In this session of the Idaho Legislature, Team Yurst has proposed House Bill 0063, short-titled “The Early Voting Opportunity Act.”
This Act, if passed, would require every county clerk in any county with more than 25,000 persons to have at least 2 and sometimes 3 absent electors’ polling places open at least 5 days per week for 9 hours per day between 8 a.m. and 5 p.m. commencing 21 days before the election. The Fiscal Note accompanying the proposed legislation states, “The cost to run an early voting center for 15 days prior to an election (including labor, rental, and materials) is estimated to be between $5,000 and $7,500.”
For several reasons, the Team Yurst proposal would be bad law. It should be rejected by the Legislature.
1. If enacted today, the Act would impose additional arbitrary costs on 13 of Idaho’s 44 counties (based on 2011 population estimates) to comply with the Act for which a defined and explicit need has not been demonstrated.
2. Existing law (I.C. § 34-1006) already requires each of Idaho’s 44 counties to have 1 absent electors’ polling place. That same section already allows each of Idaho’s counties to individually and separately determine if the need exists for additional absent electors’ polling places and to provide them if needed.
The proposed Act would require each and every county with a total population of 25,001 or more to fund additional absent electors’ polling places even if no demonstrable need exists. Note that the requirement would be based entirely on census population and not on the distribution of qualified electors throughout the county. Based on 2011 Idaho population estimates, the Act would require 4 counties to have at least 3 absent elector polling places. The Act would require an additional 9 counties to have at least 2 absent elector polling places. The cost to fund each absent electors’ polling place would be borne by each county.
3. The State’s statutory duty is to provide qualified electors with the means and materials to vote lawfully and without unreasonable or unlawful impediments. Existing law meets the State’s statutory duty and provides all electors with equal access to voting.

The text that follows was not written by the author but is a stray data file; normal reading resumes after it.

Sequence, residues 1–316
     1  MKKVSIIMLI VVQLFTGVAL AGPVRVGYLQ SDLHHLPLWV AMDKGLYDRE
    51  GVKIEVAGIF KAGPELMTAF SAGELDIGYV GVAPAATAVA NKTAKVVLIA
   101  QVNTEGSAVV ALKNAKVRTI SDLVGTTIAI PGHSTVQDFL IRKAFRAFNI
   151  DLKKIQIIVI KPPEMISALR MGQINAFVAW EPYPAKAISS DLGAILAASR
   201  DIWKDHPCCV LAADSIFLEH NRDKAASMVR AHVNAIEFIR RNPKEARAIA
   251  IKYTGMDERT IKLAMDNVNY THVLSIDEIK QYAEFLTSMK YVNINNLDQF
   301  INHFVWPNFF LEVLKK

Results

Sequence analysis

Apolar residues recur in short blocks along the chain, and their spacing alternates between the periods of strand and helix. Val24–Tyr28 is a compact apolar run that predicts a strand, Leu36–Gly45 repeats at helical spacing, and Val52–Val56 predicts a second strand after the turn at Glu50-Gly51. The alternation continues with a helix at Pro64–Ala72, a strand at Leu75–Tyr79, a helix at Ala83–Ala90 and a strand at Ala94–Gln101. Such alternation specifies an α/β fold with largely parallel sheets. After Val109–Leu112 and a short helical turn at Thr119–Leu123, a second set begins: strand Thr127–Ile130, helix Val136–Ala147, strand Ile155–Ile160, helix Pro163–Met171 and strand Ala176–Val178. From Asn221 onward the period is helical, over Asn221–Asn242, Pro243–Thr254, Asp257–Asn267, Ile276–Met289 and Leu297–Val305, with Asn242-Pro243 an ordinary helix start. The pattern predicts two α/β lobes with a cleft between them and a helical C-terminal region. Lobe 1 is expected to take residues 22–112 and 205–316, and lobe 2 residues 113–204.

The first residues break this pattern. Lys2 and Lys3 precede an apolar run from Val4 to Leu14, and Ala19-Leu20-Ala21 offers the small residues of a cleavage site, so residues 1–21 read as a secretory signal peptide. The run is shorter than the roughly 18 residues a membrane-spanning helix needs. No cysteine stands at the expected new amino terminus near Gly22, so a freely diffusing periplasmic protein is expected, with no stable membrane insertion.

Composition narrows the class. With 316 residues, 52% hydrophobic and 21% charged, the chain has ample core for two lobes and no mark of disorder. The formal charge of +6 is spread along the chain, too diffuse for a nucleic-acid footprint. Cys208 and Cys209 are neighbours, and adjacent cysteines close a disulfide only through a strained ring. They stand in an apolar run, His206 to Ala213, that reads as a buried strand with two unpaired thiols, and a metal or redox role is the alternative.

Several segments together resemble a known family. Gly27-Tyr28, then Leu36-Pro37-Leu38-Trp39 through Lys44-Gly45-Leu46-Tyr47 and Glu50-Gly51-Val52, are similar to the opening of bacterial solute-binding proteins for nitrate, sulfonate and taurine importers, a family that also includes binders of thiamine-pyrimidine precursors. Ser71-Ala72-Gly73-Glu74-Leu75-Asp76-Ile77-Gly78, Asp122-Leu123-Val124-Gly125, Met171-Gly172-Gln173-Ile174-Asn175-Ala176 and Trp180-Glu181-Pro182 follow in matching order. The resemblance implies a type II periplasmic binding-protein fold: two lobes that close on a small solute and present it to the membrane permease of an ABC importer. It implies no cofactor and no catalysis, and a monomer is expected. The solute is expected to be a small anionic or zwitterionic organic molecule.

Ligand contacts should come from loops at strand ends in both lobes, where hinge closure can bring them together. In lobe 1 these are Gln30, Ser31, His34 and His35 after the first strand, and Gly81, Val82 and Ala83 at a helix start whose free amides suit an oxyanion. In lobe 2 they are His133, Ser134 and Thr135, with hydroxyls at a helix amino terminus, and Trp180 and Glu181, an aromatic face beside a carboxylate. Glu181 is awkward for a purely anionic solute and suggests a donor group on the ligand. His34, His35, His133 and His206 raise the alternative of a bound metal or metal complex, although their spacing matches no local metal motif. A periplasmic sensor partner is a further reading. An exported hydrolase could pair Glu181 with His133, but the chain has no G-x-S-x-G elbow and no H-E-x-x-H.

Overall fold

It is not the State’s statutory duty to use public money to “get out the vote.” Encouraging voter participation is the responsibility of individuals, civic groups, and even political parties.
I.C. Title 34, Chapter 10 already provides for absent elector voting by mail, early absent elector voting at one absent electors’ polling place (or more if needed as identified by the county), and election day voting at polling places. Current law provides that a deputy clerk will assist certain special needs voters who cannot attend a polling place or who cannot mark a ballot.
Idaho’s existing election law treats every qualified elector equally when it comes to access to voting. Every qualified elector can present himself at a polling place on election day. Every qualified elector can vote by absentee ballot, either by mail or in person at the one or more absent electors’ polling places deemed necessary by that elector’s county clerk. Every qualified elector can receive assistance completing a ballot.
It is evident from the wording of House Bill 0063 that Team Yurst’s intent is to mandate easier and more convenient voting for qualified electors in more populated urban counties. Thus, urban voters will be given “more equal” access to early voting than their rural counterparts. Qualified electors make conscious, personal choices about where they live and work and when they are present in Idaho. It is not the responsibility of the State to expend public money to overcome inconveniences or compensate for the choices made voluntarily by each qualified elector. It is not the responsibility of the State to make access to voting “more equal” for some than for others.
ADDENDUM: 02-20-2013. Please follow this link to Error Correction posted today.